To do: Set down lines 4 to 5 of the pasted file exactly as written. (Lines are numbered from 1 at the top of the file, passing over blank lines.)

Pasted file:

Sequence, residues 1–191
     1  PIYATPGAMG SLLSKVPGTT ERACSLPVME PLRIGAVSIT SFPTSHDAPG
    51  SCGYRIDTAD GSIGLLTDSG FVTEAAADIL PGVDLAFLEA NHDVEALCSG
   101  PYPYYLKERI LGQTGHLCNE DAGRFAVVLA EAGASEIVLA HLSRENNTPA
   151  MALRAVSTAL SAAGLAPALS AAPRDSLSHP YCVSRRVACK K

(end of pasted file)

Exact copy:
   101  PYPYYLKERI LGQTGHLCNE DAGRFAVVLA EAGASEIVLA HLSRENNTPA
   151  MALRAVSTAL SAAGLAPALS AAPRDSLSHP YCVSRRVACK K